The other issue is, most have had money in the bank. According to our monetary regulations, if an account is dormant for a certain number of years, the money gets sent to the Central Bank. So these accounts which may be dormant for so many years, may have millions in them or at least accrued several millions in interest alone.

You have opened a Pandora’s Box?

I believe I have done the right thing, keeping in line with the mandate of the Public Trustee. The way I see it is that if I did not do it during my tenure, it might sit there again and we will be bundling up paper which will deteriorate.

And that is not justice. We are talking about over a billion worth of real estate and property which can be jewellery, vehicles, money, etc.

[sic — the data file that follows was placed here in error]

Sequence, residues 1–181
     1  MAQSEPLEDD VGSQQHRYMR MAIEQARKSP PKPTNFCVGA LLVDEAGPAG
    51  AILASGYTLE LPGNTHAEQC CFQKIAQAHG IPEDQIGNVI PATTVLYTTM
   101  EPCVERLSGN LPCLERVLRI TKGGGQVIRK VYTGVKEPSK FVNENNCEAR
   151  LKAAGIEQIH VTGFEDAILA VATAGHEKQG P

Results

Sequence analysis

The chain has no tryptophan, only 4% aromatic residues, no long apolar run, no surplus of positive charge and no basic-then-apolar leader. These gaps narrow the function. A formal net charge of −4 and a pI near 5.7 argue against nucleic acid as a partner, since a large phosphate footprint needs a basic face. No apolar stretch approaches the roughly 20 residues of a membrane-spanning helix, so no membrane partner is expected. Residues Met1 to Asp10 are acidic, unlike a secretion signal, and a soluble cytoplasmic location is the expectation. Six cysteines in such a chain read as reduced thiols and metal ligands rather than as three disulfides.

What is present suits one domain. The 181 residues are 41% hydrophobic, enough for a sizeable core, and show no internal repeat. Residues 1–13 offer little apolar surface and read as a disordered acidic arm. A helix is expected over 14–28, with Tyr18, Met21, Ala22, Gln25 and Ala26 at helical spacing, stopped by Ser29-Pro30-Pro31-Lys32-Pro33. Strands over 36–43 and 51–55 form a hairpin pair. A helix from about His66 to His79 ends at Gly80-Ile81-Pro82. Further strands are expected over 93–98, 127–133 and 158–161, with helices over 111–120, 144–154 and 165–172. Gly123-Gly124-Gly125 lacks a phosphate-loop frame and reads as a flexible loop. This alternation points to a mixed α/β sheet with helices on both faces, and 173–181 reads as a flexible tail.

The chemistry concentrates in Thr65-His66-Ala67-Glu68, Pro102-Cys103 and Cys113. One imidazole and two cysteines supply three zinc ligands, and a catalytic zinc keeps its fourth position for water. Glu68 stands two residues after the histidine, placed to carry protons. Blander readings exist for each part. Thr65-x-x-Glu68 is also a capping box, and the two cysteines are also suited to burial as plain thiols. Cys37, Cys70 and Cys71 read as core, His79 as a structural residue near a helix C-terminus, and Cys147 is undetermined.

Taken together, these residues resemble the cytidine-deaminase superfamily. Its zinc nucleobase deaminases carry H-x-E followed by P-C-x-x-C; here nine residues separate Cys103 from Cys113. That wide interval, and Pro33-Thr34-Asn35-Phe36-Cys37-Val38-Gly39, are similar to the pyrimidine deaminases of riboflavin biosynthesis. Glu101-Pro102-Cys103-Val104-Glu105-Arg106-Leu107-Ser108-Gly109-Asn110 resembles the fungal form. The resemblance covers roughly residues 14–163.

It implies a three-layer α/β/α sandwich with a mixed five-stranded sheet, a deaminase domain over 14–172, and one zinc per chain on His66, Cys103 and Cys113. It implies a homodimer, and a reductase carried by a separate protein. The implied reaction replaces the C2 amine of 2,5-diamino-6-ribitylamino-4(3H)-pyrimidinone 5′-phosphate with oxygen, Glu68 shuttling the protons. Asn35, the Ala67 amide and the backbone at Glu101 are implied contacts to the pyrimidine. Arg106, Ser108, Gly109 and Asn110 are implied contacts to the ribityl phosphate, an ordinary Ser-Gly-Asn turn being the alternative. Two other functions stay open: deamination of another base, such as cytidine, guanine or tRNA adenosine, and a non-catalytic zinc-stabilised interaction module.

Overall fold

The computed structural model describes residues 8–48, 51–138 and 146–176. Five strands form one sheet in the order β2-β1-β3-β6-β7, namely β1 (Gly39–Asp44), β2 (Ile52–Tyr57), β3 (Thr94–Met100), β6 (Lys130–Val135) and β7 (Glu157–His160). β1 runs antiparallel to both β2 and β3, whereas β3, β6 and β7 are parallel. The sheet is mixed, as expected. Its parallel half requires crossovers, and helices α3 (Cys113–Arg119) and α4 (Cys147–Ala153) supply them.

One of my officials was saying that there was property overseas. I don’t think I would have been able to justify not doing it by putting it into the ‘too hard’ basket.

I knew for a fact when I opened them, that some were no longer there.

Do you plan to at least now institute a mechanism where the Public Trustee can track these wills?

Yes, I plan to introduce a system where we will do a systematic checking mechanism on an ongoing basis to ascertain whether these people who have deposited these wills are still alive or if they are no longer with us. So it doesn’t pile up to a number we have now. So it will be a smooth system which gets monitored for the benefit of all Public Trustees in future.

Have you had any people approach you for these wills after opening them?

We have got a few phone calls. My response has been, please bear with us, we are taking necessary steps according to the law of the country. In the meantime we are making our own list, we need to know how many have the Public Trustee as the executor or how many of them we have just held in safe custody. Once we know that, under the directive of the court, necessary steps will be taken. Things won’t happen overnight.